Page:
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November 8, 2012
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Daily coverage for the global derivatives industry

  Top Stories 
  • CFTC's cross-border swaps rules prompt questions
    Regulators from Europe, Asia and the U.S. met this week in Washington, D.C., to discuss cross-border derivatives rules by the Commodity Futures Trading Commission. Patrick Pearson of the European Commission expressed concern about the rules. "The proposed approaches across the globe simply won't work," he said. "They won't mesh. They won't interact. They will cause conflicts." Bloomberg Businessweek (11/7), Financial Times (tiered subscription model) (11/7) LinkedInFacebookTwitterEmail this Story
  • CFTC footnote could have big effect on OTC derivatives market
    The Commodity Futures Trading Commission's seemingly small addition to a rule allowing dealers to bundle execution and clearing businesses could have a significant effect on the competitive landscape of the over-the-counter derivatives market, experts say. The change could give dealers an advantage over smaller rivals that don't offer both execution and clearing. (subscription required) (11/7) LinkedInFacebookTwitterEmail this Story
  Industry News and Trends 
  • BoE official warns CCPs against risk and margin secrecy
    Central counterparties' refusal to detail risk and margin models on the grounds of proprietary information cannot be justified, said Edwin Schooling Latter, head of payments and infrastructure at the Bank of England. "Not every client can be on the risk committee. Not every client can attend board discussions on segregation," he said. "So it is very important those that can't are able to benefit from full and appropriate disclosure by the CCP on how it is managing its risks." Schooling Latter also questioned an estimate of $30 trillion that would be needed for collateral because of central clearing of over-the-counter derivatives. (subscription required) (11/7), (subscription required) (11/6) LinkedInFacebookTwitterEmail this Story
  • Another roadblock emerges in clearing
    EU buy-side firms plan to meet central-clearing rules by using indirect clearing. However, the Commodity Futures Trading Commission allows only one kind of collateral protection, and it is not one of two allowed in Europe for indirect clearing. Lawyers say the matter can be resolved if European Securities and Markets Authority rules are interpreted a certain way, but it is unclear whether ESMA will allow that. (subscription required) (11/7) LinkedInFacebookTwitterEmail this Story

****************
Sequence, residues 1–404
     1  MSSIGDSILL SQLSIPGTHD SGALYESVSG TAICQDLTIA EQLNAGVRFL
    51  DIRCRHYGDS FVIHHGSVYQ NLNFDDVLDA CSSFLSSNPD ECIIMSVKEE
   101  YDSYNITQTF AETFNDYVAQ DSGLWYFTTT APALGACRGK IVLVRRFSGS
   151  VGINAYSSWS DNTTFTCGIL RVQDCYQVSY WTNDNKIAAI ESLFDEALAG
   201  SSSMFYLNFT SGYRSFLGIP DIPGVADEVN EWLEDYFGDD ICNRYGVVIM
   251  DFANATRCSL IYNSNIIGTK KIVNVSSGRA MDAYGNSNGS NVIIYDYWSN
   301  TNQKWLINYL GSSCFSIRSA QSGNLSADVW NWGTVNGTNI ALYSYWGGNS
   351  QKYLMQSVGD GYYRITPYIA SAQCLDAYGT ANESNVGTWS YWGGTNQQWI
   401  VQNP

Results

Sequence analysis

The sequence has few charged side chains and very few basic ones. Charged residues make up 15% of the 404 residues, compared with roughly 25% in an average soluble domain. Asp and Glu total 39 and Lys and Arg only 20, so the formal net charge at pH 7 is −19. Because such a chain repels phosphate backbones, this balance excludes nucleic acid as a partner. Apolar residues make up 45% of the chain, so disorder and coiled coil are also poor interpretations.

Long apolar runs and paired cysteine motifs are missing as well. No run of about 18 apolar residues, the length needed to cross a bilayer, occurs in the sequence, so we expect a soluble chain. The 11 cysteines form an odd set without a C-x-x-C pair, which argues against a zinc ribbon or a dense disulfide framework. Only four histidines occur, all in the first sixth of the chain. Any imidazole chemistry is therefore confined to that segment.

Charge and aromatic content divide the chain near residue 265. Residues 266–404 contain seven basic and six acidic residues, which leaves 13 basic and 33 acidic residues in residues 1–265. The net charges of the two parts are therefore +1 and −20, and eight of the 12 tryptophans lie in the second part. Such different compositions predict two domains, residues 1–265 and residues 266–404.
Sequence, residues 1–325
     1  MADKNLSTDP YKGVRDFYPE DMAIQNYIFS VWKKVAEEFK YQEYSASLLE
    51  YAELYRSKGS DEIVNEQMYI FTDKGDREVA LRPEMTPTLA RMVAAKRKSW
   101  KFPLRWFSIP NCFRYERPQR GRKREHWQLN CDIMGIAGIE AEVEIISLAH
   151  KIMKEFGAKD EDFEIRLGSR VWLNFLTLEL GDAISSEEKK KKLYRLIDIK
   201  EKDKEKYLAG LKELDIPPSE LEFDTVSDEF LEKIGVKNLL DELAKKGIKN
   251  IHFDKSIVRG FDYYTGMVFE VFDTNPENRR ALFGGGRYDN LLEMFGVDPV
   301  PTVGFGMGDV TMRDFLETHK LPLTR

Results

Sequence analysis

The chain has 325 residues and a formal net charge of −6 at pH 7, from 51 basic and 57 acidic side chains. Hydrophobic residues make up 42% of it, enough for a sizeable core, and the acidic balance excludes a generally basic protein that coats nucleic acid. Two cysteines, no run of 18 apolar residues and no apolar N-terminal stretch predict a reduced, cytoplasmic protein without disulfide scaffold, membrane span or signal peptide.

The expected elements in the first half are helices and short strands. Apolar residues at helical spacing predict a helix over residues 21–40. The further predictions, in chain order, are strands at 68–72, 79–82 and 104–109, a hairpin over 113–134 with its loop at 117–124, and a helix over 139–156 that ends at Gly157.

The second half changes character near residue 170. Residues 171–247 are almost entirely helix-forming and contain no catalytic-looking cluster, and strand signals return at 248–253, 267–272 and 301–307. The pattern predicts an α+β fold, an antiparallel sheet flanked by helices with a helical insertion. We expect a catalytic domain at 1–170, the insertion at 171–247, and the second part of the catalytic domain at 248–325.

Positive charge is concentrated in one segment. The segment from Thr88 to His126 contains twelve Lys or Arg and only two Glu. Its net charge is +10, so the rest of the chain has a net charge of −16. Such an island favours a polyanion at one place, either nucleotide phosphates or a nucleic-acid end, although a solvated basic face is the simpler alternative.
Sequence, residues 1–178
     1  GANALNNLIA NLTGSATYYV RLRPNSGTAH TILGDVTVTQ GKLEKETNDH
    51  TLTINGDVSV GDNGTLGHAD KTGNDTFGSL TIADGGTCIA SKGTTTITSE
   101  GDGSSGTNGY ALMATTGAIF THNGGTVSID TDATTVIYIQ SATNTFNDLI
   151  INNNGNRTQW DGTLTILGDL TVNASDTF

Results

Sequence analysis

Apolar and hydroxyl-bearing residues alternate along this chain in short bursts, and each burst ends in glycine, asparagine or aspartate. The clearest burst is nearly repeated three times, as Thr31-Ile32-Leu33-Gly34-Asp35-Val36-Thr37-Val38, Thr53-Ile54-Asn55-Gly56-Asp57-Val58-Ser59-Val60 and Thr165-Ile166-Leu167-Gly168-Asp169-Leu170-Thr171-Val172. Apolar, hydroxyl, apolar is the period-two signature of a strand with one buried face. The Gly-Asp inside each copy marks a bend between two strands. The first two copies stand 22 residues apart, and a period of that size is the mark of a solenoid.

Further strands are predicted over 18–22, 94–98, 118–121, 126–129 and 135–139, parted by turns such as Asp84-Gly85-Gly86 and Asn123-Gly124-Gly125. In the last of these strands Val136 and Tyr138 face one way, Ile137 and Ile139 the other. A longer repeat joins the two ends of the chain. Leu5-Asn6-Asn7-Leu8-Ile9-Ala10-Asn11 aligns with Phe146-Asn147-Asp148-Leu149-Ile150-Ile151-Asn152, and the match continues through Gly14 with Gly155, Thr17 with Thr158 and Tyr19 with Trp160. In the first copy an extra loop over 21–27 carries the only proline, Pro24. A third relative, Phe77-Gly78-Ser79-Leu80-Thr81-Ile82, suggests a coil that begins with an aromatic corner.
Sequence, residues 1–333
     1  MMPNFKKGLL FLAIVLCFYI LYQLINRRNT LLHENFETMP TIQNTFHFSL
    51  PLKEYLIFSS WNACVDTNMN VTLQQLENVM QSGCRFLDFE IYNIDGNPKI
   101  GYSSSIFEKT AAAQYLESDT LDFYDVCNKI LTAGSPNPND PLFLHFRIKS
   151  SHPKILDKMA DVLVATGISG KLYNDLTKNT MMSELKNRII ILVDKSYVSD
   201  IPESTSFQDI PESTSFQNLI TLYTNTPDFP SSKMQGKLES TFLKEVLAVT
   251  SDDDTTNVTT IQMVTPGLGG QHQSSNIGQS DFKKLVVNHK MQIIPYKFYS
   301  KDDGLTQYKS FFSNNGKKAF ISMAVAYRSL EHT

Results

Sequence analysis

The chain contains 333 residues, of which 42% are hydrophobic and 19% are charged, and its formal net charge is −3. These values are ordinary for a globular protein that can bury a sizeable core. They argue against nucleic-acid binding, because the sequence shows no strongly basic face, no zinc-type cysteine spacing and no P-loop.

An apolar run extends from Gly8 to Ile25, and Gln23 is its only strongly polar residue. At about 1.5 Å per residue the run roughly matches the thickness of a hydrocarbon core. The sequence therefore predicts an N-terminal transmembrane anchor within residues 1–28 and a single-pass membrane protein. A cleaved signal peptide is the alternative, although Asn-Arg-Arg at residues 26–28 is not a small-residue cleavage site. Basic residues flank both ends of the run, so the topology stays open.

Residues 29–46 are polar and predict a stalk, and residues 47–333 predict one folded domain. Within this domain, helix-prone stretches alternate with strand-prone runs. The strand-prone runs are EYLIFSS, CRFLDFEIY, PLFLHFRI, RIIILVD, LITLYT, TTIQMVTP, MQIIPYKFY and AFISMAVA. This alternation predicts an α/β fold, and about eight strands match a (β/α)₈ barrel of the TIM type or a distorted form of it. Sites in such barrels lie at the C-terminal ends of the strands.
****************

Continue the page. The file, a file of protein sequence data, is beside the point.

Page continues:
• Move to organized trading facilities raises concern
    A lack of resources and dealer involvement might inhibit trading of some European derivatives on organized trading facilities, which will eventually be required, panelists said at the OTC Derivatives Clearing Summit Europe. Of particular concern is the prospect that banks will not have a part in developing infrastructure. (subscription required) (11/7) LinkedInFacebookTwitterEmail this Story
  • Major banks push Euribor and Libor alternative with ECB
    A delegation of leading global banks has proposed to the European Central Bank an alternative to the Euro Interbank Offered Rate and the London Interbank Offered Rate, amid a threat of regulation and low interbank lending. The group supports a benchmark that would be based on "secured market" trades. "The unsecured [interbank] market is ... disappearing, so we need an alternative. A secured index makes a lot of sense," said one person involved in the discussions. Reuters (11/7) LinkedInFacebookTwitterEmail this Story
  Regulatory Roundup 
  • Senate committee will address Basel III
    The Senate banking committee plans to discuss Basel III capital standards for banks at a hearing next week. The hearing comes amid increasing pressure on regulators to delay or change the rules before they are finalized. Officials from the Federal Reserve, the Office of the Comptroller of the Currency and the Federal Deposit Insurance Corp. are expected to testify. (subscription required) (11/7), The Wall Street Journal/Deal Journal blog (11/7) LinkedInFacebookTwitterEmail this Story
People always call it luck when you've acted more sensibly than they have."
--Anne Tyler,
American novelist

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